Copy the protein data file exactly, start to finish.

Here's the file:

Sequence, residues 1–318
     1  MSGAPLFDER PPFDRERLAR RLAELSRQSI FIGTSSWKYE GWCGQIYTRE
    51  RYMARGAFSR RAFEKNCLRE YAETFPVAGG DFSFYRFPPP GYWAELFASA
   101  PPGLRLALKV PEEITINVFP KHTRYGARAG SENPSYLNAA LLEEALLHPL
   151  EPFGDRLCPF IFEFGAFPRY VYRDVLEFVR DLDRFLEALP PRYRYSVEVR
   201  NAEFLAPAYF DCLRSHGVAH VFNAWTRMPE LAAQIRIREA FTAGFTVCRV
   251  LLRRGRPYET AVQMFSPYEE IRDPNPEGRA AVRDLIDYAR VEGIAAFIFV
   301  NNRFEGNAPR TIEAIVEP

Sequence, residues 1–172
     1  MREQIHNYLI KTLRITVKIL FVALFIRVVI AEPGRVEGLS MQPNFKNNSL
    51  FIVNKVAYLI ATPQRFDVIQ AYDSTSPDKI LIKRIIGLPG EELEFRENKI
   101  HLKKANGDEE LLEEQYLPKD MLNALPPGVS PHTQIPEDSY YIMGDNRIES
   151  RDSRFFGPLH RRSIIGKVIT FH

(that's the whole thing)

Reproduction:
Sequence, residues 1–318
     1  MSGAPLFDER PPFDRERLAR RLAELSRQSI FIGTSSWKYE GWCGQIYTRE
    51  RYMARGAFSR RAFEKNCLRE YAETFPVAGG DFSFYRFPPP GYWAELFASA
   101  PPGLRLALKV PEEITINVFP KHTRYGARAG SENPSYLNAA LLEEALLHPL
   151  EPFGDRLCPF IFEFGAFPRY VYRDVLEFVR DLDRFLEALP PRYRYSVEVR
   201  NAEFLAPAYF DCLRSHGVAH VFNAWTRMPE LAAQIRIREA FTAGFTVCRV
   251  LLRRGRPYET AVQMFSPYEE IRDPNPEGRA AVRDLIDYAR VEGIAAFIFV
   301  NNRFEGNAPR TIEAIVEP

Sequence, residues 1–172
     1  MREQIHNYLI KTLRITVKIL FVALFIRVVI AEPGRVEGLS MQPNFKNNSL
    51  FIVNKVAYLI ATPQRFDVIQ AYDSTSPDKI LIKRIIGLPG EELEFRENKI
   101  HLKKANGDEE LLEEQYLPKD MLNALPPGVS PHTQIPEDSY YIMGDNRIES
   151  RDSRFFGPLH RRSIIGKVIT FH